Saudi operative threatened women dissidents in US and Canada via Instagram
A Saudi man used an anonymous Instagram account to threaten dissidents in the United States and Canada who were critical of Saudi Arabia, according to recently unsealed court filings.
Ibrahim al-Hussayen was arrested for lying to FBI officials about using the account to intimidate Saudis - mainly women - living in North America, documents from a federal court in Brooklyn revealed on Tuesday.
'MBS will wipe you off the face of the earth, you will see'
- message sent to dissident by Ibrahim al-Hussayen
The 42-year-old had been living in the US since 2013 on a student visa, where he was obtaining a PhD from a Mississippi university when the threatening messages were sent.
On his US visa application, Hussayen stated his occupation was "government" and his employer was the "Saudi royal court".
One of the messages, sent in 2020, read, “soon, I will know where you are and get you, bitch".
He told another Saudi woman, who sought asylum in America because her family allegedly wanted to kill her, that he hoped to spit in her face.
Al-Hussayen posted a comment on the same woman’s Instagram account in February 2020 stating: “I hope you will have the same fate/end up as Nada al-Qahtani”.
Qahtani was fatally shot by her brother while travelling to university in Saudi Arabia's Eastern Province in January 2020.
In another message, he warned a dissident that “MBS will wipe you off the face of the earth, you will see,” referring to Crown Prince Mohammed bin Salman.
Since becoming the de facto leader of the kingdom in 2017, the crown prince has carried out a harsh crackdown on human rights activists and dissidents, much of which has been played out online.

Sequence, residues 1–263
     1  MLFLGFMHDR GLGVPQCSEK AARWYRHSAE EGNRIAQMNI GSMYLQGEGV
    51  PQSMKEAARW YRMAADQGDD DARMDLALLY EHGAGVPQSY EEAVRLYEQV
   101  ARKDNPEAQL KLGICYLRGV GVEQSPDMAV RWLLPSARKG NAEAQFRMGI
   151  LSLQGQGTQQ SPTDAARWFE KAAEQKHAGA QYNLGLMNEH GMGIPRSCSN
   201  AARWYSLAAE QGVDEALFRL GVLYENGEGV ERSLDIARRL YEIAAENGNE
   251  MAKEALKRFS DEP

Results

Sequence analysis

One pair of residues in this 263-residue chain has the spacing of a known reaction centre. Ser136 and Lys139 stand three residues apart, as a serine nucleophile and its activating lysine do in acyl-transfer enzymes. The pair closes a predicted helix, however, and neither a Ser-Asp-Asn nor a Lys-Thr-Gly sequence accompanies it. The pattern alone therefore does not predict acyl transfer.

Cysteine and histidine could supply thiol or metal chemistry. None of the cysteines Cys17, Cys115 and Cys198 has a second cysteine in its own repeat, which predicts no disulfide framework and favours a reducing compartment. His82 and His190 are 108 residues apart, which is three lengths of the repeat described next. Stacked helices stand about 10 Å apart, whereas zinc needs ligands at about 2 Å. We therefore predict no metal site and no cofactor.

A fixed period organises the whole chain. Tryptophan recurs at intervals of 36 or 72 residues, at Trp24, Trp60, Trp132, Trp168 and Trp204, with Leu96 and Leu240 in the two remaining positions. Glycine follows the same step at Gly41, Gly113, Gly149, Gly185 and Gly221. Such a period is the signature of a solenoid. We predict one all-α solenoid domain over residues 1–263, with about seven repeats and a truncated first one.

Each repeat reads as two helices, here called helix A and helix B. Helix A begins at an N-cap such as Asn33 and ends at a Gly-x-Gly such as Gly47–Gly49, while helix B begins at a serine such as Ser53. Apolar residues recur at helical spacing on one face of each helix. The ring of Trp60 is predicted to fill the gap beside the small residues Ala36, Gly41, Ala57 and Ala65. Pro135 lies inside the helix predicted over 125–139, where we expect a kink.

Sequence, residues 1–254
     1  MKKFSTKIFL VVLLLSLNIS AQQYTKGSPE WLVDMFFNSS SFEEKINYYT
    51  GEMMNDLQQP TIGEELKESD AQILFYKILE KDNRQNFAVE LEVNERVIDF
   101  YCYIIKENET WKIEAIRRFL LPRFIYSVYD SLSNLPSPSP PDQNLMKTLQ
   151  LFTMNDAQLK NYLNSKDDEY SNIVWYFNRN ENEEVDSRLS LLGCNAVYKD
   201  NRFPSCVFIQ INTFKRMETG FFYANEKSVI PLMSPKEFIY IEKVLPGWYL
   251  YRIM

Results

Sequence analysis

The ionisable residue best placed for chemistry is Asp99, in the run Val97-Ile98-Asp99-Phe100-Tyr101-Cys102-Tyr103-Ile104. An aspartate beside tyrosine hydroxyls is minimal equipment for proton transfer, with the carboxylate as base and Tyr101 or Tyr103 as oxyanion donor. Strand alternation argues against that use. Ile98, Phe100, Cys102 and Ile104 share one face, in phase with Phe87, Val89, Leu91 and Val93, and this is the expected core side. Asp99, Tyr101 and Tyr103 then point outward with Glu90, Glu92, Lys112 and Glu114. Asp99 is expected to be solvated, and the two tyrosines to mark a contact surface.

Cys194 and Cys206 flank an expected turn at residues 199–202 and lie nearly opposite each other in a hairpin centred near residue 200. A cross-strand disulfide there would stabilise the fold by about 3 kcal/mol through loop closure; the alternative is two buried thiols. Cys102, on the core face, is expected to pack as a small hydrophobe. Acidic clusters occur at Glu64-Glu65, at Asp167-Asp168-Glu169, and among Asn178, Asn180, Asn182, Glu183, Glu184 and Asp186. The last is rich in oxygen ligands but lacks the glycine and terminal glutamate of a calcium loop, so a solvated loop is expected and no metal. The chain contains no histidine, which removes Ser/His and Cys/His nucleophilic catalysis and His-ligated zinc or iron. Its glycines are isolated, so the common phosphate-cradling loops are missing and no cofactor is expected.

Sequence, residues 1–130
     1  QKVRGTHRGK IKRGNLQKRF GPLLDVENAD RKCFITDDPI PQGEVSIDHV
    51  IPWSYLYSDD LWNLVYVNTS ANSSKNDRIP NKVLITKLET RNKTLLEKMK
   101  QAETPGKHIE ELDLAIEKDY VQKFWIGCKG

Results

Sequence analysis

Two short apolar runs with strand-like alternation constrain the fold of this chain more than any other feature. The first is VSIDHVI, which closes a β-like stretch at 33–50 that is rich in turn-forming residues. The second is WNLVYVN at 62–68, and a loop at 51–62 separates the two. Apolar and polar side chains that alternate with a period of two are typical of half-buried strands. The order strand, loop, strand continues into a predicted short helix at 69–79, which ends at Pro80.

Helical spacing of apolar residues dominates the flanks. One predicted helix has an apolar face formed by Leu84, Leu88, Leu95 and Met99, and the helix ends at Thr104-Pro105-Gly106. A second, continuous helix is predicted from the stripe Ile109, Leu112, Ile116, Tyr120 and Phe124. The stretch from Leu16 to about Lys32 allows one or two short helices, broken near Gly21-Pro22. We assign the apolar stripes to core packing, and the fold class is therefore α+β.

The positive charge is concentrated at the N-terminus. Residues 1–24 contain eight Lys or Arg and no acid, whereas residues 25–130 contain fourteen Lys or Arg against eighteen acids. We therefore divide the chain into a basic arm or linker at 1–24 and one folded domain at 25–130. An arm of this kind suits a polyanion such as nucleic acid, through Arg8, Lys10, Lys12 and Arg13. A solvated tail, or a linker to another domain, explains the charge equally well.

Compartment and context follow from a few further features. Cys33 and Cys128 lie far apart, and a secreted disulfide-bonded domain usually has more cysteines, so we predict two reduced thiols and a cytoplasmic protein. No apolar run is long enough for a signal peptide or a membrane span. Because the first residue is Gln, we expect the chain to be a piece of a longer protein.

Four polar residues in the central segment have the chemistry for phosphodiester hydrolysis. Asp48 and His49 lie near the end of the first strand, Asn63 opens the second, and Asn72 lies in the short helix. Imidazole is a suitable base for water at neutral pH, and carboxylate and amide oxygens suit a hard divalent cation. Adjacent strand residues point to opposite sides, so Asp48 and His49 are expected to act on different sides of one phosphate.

In late 2019, the US government charged three Saudis - including two former Twitter employees - with spying for Saudi Arabia. They were suspected of accessing the confidential information of thousands of users, including the accounts of prominent dissidents.
According to the filings, al-Hussayen was in frequent contact with a Saudi citizen employed by the kingdom’s sports ministry.
One of the women he targeted had criticised Turki al-Sheikh, a close adviser to the crown prince and the head of the Saudi Arabian entertainment authority.
Al-Hussayen tried to find out the New York-based dissident’s location by claiming he could arrange a meeting between her and Sheikh.
Prosecutors also stated that he had saved multiple screenshots of tweets by Jamal Khashoggi, who was killed in October 2018 by Saudi agents in the kingdom’s consulate in Istanbul.
The court's filings have been revealed just weeks before US President Joe Biden is due to visit Saudi Arabia.
Biden is planning to visit Israel, the occupied West Bank, and Saudi Arabia during a four-day trip from 13 to 16 July.
The visit will culminate with a major gathering of regional leaders in the Saudi port city of Jeddah where the president is expected to engage in some capacity with Mohammed bin Salman.